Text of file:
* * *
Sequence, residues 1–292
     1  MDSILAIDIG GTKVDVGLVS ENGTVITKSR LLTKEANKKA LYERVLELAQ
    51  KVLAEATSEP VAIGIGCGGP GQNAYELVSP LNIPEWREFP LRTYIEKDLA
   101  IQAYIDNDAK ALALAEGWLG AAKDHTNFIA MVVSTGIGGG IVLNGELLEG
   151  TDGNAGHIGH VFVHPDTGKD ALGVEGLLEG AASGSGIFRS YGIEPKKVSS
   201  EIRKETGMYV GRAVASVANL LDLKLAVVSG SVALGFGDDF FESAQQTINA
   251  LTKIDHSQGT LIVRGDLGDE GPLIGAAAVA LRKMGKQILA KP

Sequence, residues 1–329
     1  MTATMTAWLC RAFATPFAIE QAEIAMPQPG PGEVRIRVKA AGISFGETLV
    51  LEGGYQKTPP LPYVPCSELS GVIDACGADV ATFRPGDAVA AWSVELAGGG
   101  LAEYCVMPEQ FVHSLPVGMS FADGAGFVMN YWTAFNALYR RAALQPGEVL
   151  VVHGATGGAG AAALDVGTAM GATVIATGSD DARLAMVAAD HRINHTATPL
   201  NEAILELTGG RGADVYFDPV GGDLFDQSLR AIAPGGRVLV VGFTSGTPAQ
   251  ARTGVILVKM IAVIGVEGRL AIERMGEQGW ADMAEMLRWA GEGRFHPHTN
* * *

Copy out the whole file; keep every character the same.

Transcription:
Sequence, residues 1–292
     1  MDSILAIDIG GTKVDVGLVS ENGTVITKSR LLTKEANKKA LYERVLELAQ
    51  KVLAEATSEP VAIGIGCGGP GQNAYELVSP LNIPEWREFP LRTYIEKDLA
   101  IQAYIDNDAK ALALAEGWLG AAKDHTNFIA MVVSTGIGGG IVLNGELLEG
   151  TDGNAGHIGH VFVHPDTGKD ALGVEGLLEG AASGSGIFRS YGIEPKKVSS
   201  EIRKETGMYV GRAVASVANL LDLKLAVVSG SVALGFGDDF FESAQQTINA
   251  LTKIDHSQGT LIVRGDLGDE GPLIGAAAVA LRKMGKQILA KP

Sequence, residues 1–329
     1  MTATMTAWLC RAFATPFAIE QAEIAMPQPG PGEVRIRVKA AGISFGETLV
    51  LEGGYQKTPP LPYVPCSELS GVIDACGADV ATFRPGDAVA AWSVELAGGG
   101  LAEYCVMPEQ FVHSLPVGMS FADGAGFVMN YWTAFNALYR RAALQPGEVL
   151  VVHGATGGAG AAALDVGTAM GATVIATGSD DARLAMVAAD HRINHTATPL
   201  NEAILELTGG RGADVYFDPV GGDLFDQSLR AIAPGGRVLV VGFTSGTPAQ
   251  ARTGVILVKM IAVIGVEGRL AIERMGEQGW ADMAEMLRWA GEGRFHPHTN